Science and Engineering Ethics 17 (3):571-582 (2011)

Eric Katz
New Jersey Institute of Technology
Engineers, architects, and other technological professionals designed the genocidal death machines of the Third Reich. The death camp operations were highly efficient, so these technological professionals knew what they were doing: they were, so to speak, good engineers. As an educator at a technological university, I need to explain to my students—future engineers and architects—the motivations and ethical reasoning of the technological professionals of the Third Reich. I need to educate my students in the ethical practices of this hellish regime so that they can avoid the kind of ethical justifications used by the Nazi engineers. In their own professional lives, my former students should not only be good engineers in a technical sense, but good engineers in a moral sense. In this essay, I examine several arguments about the ethical judgments of professionals in Nazi Germany, and attempt a synthesis that can provide a lesson for contemporary engineers and other technological professionals. How does an engineer avoid the error of the Nazi engineers in their embrace of an evil ideology underlying their technological creations? How does an engineer know that the values he embodies through his technological products are good values that will lead to a better world? This last question, I believe, is the fundamental issue for the understanding of engineering ethics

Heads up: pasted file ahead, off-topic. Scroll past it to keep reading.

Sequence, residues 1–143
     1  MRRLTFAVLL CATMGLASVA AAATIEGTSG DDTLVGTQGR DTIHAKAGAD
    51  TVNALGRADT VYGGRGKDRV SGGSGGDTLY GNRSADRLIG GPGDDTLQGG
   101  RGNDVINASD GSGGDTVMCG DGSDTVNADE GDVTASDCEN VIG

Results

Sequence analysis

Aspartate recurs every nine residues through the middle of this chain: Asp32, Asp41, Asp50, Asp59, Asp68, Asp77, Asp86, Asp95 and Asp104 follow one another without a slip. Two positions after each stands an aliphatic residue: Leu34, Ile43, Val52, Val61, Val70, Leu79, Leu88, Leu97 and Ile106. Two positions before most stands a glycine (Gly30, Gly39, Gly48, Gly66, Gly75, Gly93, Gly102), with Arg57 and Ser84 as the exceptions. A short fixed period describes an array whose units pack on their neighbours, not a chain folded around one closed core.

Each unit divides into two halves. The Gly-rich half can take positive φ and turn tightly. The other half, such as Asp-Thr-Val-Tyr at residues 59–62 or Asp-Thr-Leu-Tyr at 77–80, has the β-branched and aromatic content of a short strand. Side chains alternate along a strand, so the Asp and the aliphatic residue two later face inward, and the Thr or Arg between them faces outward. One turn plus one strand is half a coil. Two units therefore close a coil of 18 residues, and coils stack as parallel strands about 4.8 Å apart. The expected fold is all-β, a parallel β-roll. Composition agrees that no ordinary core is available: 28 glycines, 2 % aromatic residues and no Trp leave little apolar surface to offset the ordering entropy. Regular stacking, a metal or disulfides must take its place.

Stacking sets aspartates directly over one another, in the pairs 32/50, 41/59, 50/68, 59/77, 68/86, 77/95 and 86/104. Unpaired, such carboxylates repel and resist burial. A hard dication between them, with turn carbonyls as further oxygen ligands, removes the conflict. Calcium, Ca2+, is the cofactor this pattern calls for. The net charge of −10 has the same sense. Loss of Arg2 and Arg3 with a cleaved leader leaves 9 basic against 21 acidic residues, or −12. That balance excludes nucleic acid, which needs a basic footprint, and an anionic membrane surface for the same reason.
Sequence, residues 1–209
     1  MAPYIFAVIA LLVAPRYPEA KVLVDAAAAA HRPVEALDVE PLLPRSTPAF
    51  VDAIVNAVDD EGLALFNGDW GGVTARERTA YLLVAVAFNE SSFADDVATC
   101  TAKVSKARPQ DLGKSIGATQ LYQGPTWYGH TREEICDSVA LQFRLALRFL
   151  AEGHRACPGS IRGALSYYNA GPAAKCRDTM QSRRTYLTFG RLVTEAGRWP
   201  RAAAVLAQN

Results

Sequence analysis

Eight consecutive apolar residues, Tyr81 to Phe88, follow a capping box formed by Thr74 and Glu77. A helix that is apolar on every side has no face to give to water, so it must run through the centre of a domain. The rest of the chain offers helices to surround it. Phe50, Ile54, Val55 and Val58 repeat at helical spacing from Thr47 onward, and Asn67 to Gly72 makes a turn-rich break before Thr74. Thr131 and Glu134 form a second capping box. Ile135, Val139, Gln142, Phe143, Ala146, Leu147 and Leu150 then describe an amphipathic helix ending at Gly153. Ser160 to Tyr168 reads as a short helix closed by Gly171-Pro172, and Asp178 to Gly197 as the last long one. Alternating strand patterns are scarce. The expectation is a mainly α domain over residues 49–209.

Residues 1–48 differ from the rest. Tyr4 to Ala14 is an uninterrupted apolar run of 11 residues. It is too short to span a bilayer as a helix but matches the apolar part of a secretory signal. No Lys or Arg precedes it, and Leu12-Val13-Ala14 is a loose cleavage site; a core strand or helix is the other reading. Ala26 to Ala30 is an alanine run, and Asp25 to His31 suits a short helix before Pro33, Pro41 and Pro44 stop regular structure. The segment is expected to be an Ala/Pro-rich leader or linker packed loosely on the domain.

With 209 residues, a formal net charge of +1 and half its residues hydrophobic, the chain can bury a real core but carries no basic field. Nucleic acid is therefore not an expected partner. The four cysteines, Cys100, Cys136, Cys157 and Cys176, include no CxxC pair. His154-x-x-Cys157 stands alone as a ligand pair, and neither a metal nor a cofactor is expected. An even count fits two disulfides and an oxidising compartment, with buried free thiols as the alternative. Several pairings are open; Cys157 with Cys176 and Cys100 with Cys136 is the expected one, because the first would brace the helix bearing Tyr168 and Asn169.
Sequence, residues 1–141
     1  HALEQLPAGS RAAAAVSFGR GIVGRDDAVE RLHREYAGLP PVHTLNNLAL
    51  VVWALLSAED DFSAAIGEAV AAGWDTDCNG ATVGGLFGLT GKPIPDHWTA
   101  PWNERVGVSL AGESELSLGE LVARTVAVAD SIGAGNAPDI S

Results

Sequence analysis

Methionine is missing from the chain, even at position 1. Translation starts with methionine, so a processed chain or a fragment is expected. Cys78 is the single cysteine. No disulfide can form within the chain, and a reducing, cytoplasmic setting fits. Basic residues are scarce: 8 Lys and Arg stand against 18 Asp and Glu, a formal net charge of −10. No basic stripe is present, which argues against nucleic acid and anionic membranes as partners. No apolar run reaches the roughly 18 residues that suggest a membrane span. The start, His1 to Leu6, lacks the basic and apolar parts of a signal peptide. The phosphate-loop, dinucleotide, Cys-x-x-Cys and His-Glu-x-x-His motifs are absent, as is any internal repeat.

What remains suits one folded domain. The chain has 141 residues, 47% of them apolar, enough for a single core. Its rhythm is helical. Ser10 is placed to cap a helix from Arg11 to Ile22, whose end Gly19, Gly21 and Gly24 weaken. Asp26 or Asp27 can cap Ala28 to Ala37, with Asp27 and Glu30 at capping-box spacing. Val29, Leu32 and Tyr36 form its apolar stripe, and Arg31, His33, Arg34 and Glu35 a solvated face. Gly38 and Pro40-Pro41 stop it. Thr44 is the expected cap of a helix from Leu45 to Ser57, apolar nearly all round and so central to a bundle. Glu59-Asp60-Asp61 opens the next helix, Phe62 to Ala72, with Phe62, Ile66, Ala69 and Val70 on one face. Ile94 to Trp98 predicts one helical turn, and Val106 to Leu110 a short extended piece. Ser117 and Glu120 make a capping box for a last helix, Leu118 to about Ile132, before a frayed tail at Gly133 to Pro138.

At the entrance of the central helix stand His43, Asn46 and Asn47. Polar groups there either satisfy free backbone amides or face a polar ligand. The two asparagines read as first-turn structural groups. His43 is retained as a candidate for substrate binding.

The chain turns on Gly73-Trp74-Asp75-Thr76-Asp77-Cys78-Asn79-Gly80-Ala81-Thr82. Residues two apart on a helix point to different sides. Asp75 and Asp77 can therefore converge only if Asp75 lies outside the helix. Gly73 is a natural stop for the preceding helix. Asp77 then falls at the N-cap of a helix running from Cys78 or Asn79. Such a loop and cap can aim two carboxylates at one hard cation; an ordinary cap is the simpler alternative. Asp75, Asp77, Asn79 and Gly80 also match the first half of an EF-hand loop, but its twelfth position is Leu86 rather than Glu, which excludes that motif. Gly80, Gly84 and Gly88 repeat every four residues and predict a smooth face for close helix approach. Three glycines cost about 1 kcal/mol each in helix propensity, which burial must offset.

Keywords Engineering ethics  Nazi engineers  Holocaust  Ethics and technology
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DOI 10.1007/s11948-010-9229-z
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References found in this work BETA

Rebellious Ethics and Albert Speer.Jack L. Sammons - 1992 - Professional Ethics, a Multidisciplinary Journal 1 (3):77-116.
Rebellious Ethics and Albert Speer.Jack Lee Sammons - 1992 - Professional Ethics 1 (3/4):77-116.

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